Another senator accused of sexual harassment as other investigations drag on

Four lawmakers publically accused of sexual misconduct await potential disciplinary action

Another senator accused of sexual harassment as other investigations drag on

Allegations of sexual misconduct continue to rattle the state Capitol this session.

Sen. Larry Crowder, R-Alamosa, became the fifth lawmaker this session to be publicly accused of sexual misconduct on Thursday night, the same day Democrats made demands that another Senator, Randy Baumgardner, R-Hot Sulphur Springs, should resign following an inquiry that reportedly found sexual misconduct allegations against him to be credible.

Rep. Susan Lontine, D-Denver, filed a formal complaint in November that Crowder made “unwanted physical contact on the floor of the House of Representatives and an inappropriate sexual comment,” according to a statement Thursday.

“I hoped the matter could be handled privately, that Sen. Crowder would acknowledge that his actions were unacceptable, that he would accept an appropriate punishment and that the investigation would be a part of the record should a pattern of behavior exist or present itself,” Lontine said. “But in a meeting this week with Sen. Crowder and Senate President Kevin Grantham, Sen. Crowder expressed little remorse and he didn’t take responsibility for his actions. Fearing my continued silence would enable attempts to gloss over this serious issue, I have chosen to speak up because the public needs to know.”

According to Lontine’s statement, her complaint was submitted to an investigator, who concluded in a report issued in December that she was the “more credible” of the two parties and that her accusations are “more likely than not” to be accurate.

Crowder said on Friday he offered a sincere apology, and mostly denied the allegations.

Crowder said he doesn’t like to drink in public, and often tries to get a drink that looks like liquor. At one party he declined a drink by saying “it affects my performance.” After talking to his wife, he said he can see how this could be misinterpreted. He said in no way did he mean sexual performance.  

Another instance referenced in the statement by Lontine took place on on a Veterans Appreciation Day. Crowder said he has no recollection of inappropriate behavior on this day and wondered if he bumped into Lontine.

“I’m not up here to mess around,” he told The Colorado Independent.

Sen. Randy Baumgardner, R-Hot Sulphur Springs, on the Senate floor on the opening day of the 2018 legislative session on Jan. 10. Photo by John Herrick

Following a series sexual harassment allegations brought against at least three senators late last year, including the allegations against Crowder which were made public on Thursday, a group of Senate leaders — Senate President Kevin Grantham, R-Canon City, Senate Majority Leader Chris Holbert, R-Parker, and Senate Minority Leader Lucia Guzman, D-Denver — formed a group to determine what, if any, disciplinary actions should be taken in such cases.

Earlier on Thursday, Senate Democrats called on Randy Baumgardner, R-Hot Sulphur Springs, to resign following allegations that he slapped and grabbed the buttocks of a legislative aide during the 2016 legislative session several times.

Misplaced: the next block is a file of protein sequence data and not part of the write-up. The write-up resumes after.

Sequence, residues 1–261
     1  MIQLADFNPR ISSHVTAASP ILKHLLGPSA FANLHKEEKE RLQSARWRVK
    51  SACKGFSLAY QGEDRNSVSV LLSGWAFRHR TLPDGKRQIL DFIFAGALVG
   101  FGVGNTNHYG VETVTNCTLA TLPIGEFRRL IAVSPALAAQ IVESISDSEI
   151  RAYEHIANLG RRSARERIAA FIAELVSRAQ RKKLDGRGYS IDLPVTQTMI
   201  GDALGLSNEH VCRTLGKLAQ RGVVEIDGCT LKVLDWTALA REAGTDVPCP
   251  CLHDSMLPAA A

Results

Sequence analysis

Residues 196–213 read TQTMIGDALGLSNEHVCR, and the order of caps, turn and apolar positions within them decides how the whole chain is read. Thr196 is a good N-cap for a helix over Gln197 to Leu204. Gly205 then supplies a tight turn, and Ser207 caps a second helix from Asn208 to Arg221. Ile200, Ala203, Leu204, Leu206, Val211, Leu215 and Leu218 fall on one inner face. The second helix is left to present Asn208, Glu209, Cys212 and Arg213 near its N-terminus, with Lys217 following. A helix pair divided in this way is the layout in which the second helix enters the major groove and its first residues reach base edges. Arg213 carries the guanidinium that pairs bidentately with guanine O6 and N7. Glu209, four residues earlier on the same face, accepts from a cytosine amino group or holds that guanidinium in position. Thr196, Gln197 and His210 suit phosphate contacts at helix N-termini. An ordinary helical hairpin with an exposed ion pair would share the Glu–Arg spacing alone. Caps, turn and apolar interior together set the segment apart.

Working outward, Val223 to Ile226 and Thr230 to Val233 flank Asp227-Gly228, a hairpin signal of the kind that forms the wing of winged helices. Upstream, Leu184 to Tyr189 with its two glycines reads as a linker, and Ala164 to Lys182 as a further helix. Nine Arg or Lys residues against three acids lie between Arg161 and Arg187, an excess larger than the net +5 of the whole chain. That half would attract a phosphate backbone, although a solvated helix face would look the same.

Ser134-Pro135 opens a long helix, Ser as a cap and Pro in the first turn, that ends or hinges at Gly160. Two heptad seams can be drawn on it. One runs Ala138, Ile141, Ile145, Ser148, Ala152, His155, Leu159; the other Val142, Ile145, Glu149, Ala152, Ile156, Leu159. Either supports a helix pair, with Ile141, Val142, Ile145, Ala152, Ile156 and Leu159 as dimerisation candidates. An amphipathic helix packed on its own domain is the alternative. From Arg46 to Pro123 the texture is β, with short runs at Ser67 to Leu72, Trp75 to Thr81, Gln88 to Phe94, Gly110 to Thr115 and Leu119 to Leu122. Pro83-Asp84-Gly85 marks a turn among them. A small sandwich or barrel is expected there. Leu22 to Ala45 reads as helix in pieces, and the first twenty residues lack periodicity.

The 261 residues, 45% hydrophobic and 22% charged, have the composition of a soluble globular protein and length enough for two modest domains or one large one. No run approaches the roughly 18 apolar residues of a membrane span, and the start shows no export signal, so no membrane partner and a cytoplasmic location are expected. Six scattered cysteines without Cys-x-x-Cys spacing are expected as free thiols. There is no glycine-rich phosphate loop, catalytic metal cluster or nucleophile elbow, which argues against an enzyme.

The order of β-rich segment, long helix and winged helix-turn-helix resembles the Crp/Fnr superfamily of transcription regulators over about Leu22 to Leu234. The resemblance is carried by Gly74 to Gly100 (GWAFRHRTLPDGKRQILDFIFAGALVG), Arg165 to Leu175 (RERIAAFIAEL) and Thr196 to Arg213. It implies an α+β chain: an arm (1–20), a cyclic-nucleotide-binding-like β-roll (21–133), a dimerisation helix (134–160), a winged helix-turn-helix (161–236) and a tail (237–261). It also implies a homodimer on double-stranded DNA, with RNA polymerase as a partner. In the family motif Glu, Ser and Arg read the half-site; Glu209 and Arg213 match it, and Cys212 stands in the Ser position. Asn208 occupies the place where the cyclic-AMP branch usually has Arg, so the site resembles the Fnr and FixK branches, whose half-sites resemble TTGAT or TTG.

The results of an investigation into the allegations against Baumgardner became public over a week ago, when Senate leadership received a report on the results last Tuesday, Jan. 30. But no disciplinary action has yet been taken, and Senate Democrats are demanding quick action in light of the results of the investigation.

“Victims and the public at large deserve a swift, deliberative, and transparent action in response to these allegations,” states a Democratic caucus statement released on Thursday. “Instead, despite having access to the independent investigation’s findings for weeks, Senate GOP leadership has taken no action and said that the public may never know what happens. Good faith efforts by our leadership to move the process forward have been rebuffed and delayed.”

This delay prompted Guzman on Wednesday to remove herself from the group in protest. Guzman said that investigations into allegations should be kept confidential, but once reports on such allegations are completed, action is needed in order to guard the integrity of the process itself, the victim and the Senate.

Democrats are also asking that Baumgardner be stripped of his committee chairmanships. He serves as chair of the Transportation and Capital Development committees and vice chair of the Agriculture, Natural Resources and Energy committee. He is also the lead sponsor on a top-priority bill dealing with transportation funding

Senate President Grantham said on Thursday that a decision regarding any disciplinary action for Baumgardner can be expected “sometime in the near future.”

Sen. Rhonda Fields, D-Aurora, said there has been no accountability, and she says this makes it difficult for the next woman to come forward.

“It sends a clear message to the rest of the women in this building that if you do come forward with some kind of allegation that has merit, then you will never know the outcome. And I think that silences women,” Fields told The Colorado Independent.

Sen. Jack Tate, R-Centennial, and Rep. Steve Lebsock, D-Thornton, have also been accused of sexual misconduct and are considered to be still under investigation. Democrats have also called for the resignation of Lebsock, who is running for state treasurer.

Title photo: Sen. Larry Crowder, R-Alamosa, joins Gov. John Hickenlooper and others for the signing of House Bill 1129 on May 8, 2016. Photo by Colorado Senate GOP via Flickr Creative Commons.

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About the Author

John Herrick

John is covering the 2018 legislative session. Follow him on Twitter @herrickjohnny and email him at

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